Questions not deserving of a whole thread


It won’t hurt the tree even if you cut all the way around at that distance or even way closer. They sometimes root prune fruit trees by running a deep chisel 12-18 inches deep about that far from the tree.


Good to know. I just started removing a bunch of dirt and keep hitting roots maybe nickel thickness…sometimes thicker…


Susu- Sounds like a deal to me, if you aren’t looking for a specific rootstock. Root bound fruit trees usually aren’t a big problem beyond being stunted for a while, and that is just a $6 risk. Pears often are sluggish when bare root transplanted and I even often lose big pear trees if I have to move them bare root (peaches, plums, apples, etc, no problem), so a tree flourishing in a container might give you a good head start. You might even be able to graft it as early as next spring. Buy it, plant it and see what happens.


I would’ve done it in a heart beat if it wasn’t for the diseases. Not sure if it’s a good idea since I might drag home stuff I don’t know how to deal with?


I didn’t read your question in its entirety- thank you for making me do that. If it is quince rust and you are in the humid region, I wouldn’t pay too much concern to that because it is a pretty universal pest but usually not all the damaging in my experience. I saw it at many sites this year with all of our rain, and expect it won’t be much a problem next year as it didn’t amount to much this wet one. If it is another disease you’ve already seen on your pears, I wouldn’t worry about it either. However, if growing shoots are shriveling, it may be from pear psyla, and I wouldn’t want to introduce that pest to my orchard if it isn’t there already. It showed up in my pear trees about 8 years after I started growing them and now requires at least 2 extra sprays a season.

Zestar under attack!!!!

These are so juicy, sweet, and tangy!!!


What zone are you in bob? Birds are starting to hit on my Zestar through baggies. The seeds are brown and they tasted really good but I. Think it is still a little early for mine.


Ohio 6A


I think it’s a great medium early apple also, my pick in its season. Very grower friendly-shapes well, bares young and reliably. Much easier than it’s sibling Honeycrisp here.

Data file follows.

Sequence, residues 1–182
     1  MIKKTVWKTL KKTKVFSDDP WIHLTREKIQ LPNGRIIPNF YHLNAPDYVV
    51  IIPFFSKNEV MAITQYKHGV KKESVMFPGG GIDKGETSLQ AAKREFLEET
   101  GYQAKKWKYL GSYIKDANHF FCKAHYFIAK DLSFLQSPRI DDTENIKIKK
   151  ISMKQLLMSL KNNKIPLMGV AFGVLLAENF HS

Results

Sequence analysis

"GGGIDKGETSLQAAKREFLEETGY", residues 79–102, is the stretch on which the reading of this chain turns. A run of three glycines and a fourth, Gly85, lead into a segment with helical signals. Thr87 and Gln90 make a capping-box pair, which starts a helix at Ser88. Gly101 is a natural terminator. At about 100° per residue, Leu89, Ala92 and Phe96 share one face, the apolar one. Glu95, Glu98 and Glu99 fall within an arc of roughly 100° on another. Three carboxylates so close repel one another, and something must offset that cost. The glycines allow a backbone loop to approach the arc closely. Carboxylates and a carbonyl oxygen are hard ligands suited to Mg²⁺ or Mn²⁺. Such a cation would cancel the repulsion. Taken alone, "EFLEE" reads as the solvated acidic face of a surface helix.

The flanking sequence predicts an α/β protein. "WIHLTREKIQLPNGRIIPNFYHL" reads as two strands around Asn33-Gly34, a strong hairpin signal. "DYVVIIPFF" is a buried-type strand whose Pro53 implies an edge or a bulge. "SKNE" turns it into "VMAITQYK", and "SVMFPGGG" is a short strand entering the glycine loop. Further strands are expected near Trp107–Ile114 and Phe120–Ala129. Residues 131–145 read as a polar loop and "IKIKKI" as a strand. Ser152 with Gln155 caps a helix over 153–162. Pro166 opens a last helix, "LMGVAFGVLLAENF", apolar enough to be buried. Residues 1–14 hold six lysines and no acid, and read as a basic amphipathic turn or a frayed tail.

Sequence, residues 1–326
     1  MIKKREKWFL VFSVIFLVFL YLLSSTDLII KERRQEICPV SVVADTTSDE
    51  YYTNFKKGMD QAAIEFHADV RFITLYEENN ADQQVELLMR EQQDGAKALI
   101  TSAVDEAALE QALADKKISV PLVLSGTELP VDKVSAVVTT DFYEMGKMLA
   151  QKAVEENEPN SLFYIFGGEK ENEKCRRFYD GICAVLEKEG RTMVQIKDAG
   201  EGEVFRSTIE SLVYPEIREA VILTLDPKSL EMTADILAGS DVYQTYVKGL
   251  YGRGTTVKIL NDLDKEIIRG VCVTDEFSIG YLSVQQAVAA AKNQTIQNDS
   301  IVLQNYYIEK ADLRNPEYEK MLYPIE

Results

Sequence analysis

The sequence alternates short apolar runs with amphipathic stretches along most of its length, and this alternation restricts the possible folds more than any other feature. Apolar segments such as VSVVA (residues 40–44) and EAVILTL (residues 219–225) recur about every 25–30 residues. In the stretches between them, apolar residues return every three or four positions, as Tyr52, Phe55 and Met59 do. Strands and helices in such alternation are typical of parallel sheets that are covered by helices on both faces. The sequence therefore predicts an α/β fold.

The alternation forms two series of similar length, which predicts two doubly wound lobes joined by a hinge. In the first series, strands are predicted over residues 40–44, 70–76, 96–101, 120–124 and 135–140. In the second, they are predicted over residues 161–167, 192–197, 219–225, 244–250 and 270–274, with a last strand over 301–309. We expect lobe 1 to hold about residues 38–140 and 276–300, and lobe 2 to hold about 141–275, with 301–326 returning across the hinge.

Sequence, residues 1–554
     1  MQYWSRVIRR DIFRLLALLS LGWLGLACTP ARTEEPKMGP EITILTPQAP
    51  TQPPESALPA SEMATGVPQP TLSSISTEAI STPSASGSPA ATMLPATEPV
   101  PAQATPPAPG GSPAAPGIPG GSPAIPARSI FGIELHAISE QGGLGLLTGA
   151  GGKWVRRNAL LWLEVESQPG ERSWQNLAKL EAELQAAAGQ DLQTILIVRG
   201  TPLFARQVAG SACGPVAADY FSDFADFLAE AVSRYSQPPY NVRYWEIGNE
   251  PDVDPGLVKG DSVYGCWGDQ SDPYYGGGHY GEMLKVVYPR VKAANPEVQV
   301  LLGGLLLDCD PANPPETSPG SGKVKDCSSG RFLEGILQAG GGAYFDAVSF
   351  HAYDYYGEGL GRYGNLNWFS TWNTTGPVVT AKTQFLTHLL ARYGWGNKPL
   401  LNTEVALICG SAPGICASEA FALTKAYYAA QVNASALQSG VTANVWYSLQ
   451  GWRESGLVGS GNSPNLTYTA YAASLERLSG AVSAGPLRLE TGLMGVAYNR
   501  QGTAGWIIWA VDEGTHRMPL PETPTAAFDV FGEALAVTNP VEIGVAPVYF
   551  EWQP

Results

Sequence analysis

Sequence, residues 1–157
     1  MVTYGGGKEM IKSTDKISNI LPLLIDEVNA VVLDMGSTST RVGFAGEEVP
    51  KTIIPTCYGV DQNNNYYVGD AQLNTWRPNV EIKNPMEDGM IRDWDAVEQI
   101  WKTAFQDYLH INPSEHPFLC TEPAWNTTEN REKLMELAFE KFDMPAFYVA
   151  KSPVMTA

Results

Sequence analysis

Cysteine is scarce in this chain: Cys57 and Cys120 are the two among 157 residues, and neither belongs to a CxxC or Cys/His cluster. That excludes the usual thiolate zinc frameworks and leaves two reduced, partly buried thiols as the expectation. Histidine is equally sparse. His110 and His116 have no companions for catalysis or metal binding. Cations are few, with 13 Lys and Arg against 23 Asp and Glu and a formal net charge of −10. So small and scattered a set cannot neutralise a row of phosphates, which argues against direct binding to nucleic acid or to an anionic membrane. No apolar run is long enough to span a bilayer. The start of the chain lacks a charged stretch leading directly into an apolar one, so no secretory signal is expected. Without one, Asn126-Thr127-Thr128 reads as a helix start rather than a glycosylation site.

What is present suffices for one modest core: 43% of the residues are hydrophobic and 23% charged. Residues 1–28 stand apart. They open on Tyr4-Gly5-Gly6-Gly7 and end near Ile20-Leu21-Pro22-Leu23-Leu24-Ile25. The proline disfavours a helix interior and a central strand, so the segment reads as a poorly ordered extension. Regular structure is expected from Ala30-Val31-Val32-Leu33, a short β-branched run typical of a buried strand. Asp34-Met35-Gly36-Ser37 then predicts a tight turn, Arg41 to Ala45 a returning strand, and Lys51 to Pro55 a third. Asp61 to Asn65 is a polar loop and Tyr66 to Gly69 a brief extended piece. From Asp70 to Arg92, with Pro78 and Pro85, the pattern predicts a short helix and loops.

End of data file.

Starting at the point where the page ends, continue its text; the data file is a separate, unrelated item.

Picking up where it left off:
So debating about completely removing this extra LG peach branch which grew out from under the cover of my pergola on my 9 years old stone fruit combo tree. It’ll be tricky to pick the 4 or 5 peaches this year up there. It helps shade my deck but makes the tree quite lopsided.

So should I leave it, prune it or completely remove it? I know which course of action I’m leaning towards but interested to hear everyone’s advice and opinions.



I’m hoping someone can give me some insight on why my apple tree is dying or already dead.

I have a group of 7 interstem apples planted by the entry to my house. I planted them out last spring and one, a Kerr Crab apple on M111/Bud9 died after growing relatively well all summer. I had some other grafted apples in my nursery area, so I pulled the dead Kerr and planted a Chestnut crabapple on M111/M27 last fall after dormancy and it woke up and grew relatively well this spring, but now it too appears to be about dead.

The nearest apple is about 2 feet away (same rootstock/variety) I think it is fine, although not growing as vigorously as I’d like which I’m chalking up to the rootstock. So my questions is could there be a problem now in that spot (replant disease) or is it just random bad luck from fireblight or something else?

I’d really prefer to keep an apple in this spot and have a Kerr or a Monark on G696 I can try in that spot this Fall, but wondering if I should go to one of the pears I have on OHxF87 instead. Thoughts?